Macron Tries to Save Presidency by Promising `New Act’

By Bloomberg 25 April 2019
Emmanuel Macron at the Elysee Palace. Photographer: Christophe Morin/Bloomberg

Emmanuel Macron sought to reinvigorate his presidency and placate Yellow Vest protesters with a pledge to combine sticking to economic reforms with a volley of new policies, all couched in poetic language evoking the art of being French.

After almost six months of often violent demonstrations, the 41-year-old president told reporters gathered in a gilded hall at the Elysee Palace that he would set in motion a “new act” for the French Republic with a “project of resistance and ambition.” While pledging not to go back on pro-business overhauls, Macron said he would do more to make his agenda more human and do a better job of protecting the nation’s citizens from globalization.

“I have felt in my bones what French people are going through and I want to provide an answer,’’ Macron said. “The art of being French is being rooted and universal, attached to history and origins but embracing the future.”

The announcements ranged from promises to revamp the mechanics of the French state, to reforms of education, pensions and taxation. Many of the overhauls are already in motion, but did Macron indicate preferences for key parameters. For example, income tax cuts should total around 5 billion euros ($5.6 billion), he said, and French people should be encouraged to work longer with incentives to retire later.

Key Takeaways
Macron is sticking to his guns on spending cuts and reforms he has already put in place like changes to labor laws, saying his agenda isn’t the reason that French people are protesting The president is leaving intact key pillars of the country’s economic model like the 35-hour work-week and a minimum retirement age of 62 The tax announcements signal a further shift in favor of consumers over businesses as Macron says closing tax breaks for companies will help offset income tax cuts for households There’s also a shift in favor of retired people, who shouldered the burden of tax increases and spending cuts in the first two years of Macron’s presidency The proposed changes to France’s democracy are intended to symbolize a transfer of power away from Paris and perceived elites Macron may struggle to sell his oft-repeated mantra that the French people must work more The president dodges the question of whether he will run for re-election in 2022, saying he “furiously and passionately” focused on making his first time a success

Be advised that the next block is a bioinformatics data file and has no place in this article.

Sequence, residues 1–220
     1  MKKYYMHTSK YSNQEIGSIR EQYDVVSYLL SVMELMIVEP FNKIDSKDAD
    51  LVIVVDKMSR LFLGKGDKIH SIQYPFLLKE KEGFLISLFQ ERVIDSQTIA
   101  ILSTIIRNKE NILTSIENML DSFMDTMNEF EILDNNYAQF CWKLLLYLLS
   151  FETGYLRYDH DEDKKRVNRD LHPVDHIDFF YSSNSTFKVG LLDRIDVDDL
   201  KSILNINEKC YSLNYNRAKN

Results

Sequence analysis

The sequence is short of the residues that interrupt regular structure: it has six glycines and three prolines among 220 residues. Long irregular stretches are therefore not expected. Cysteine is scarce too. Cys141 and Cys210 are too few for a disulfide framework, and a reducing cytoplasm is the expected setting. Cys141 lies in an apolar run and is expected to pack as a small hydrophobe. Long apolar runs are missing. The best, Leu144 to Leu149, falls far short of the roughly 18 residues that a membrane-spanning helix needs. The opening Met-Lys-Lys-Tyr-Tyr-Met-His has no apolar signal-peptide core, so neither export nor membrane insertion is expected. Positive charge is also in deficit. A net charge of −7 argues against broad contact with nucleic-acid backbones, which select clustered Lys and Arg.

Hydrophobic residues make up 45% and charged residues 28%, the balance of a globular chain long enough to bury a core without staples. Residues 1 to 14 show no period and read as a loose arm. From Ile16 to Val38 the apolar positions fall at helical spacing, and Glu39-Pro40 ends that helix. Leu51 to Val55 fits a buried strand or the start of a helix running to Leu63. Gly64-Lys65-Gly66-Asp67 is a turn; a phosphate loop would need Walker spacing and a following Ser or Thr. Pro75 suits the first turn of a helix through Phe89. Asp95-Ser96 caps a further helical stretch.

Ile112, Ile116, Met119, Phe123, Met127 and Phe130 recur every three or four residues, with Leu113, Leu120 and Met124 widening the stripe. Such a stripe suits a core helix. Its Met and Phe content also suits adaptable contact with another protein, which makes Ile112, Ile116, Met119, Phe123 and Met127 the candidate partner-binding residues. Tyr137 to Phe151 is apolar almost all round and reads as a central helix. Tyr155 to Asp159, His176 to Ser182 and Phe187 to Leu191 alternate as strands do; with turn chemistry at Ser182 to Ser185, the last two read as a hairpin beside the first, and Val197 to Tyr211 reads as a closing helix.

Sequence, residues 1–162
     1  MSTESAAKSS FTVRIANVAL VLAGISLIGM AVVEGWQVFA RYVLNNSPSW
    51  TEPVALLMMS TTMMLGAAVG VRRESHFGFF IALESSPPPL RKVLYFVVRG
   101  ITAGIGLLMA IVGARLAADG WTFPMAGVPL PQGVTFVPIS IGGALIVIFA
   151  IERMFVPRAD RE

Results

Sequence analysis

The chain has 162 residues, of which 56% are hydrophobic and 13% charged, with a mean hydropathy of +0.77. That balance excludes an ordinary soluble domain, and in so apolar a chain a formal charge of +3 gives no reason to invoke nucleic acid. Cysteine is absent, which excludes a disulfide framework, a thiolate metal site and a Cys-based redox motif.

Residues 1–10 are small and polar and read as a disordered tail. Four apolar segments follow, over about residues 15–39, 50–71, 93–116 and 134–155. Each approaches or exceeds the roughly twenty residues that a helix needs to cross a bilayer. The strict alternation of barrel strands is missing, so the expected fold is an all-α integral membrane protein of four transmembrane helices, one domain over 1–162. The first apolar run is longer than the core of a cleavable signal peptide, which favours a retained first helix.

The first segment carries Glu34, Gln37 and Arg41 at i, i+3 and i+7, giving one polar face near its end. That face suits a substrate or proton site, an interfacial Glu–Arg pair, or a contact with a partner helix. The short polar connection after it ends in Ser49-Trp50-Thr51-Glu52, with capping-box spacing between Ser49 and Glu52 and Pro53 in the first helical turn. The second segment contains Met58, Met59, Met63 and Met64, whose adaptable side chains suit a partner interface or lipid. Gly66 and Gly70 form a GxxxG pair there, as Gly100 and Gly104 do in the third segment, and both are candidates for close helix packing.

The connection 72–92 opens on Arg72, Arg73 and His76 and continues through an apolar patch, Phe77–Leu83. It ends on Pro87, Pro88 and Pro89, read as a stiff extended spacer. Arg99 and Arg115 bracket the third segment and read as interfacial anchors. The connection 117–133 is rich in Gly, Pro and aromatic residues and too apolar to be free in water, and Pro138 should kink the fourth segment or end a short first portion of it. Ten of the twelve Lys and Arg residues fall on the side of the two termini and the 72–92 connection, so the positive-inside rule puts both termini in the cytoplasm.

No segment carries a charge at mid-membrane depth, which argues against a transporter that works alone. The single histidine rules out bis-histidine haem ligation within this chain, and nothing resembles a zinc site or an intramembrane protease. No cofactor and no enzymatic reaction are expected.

The package is a pivotal moment in the presidency of Macron, who came to power nearly two years ago promising deep reforms to jolt France’s economy and labor market. But those plans have collided with the protests of the Yellow Vest movement, which began with opposition to gasoline taxes before morphing into a general unrest over purchasing power and Macron’s governing style.

His announcements Thursday follow a 10-week national debate devised to assuage the grassroots discontent and come just a month ahead of EU elections that are seen as a referendum on his policies. The president has taken weeks to fine-tune his response as he seeks to safeguard the business-friendly reforms he pushed through at the start of his term while addressing a common perception that French society is becoming less equal.



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South Africa is in a very real battle. A political fight where terms such as truth and democracy can seem more of a suggestion as opposed to a necessity.

On one side of the battle are those openly willing to undermine the sovereignty of a democratic society, completely disregarding the weight and power of the oaths declared when they took office. If their mission was to decrease society’s trust in government - mission accomplished.

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However, it would be an offensive oversight not to acknowledge that right there on the front lines, alongside whistleblowers and civil society, stand the journalists. Armed with only their determination to inform society and defend the truth, caught in the crossfire of shots fired from both sides.

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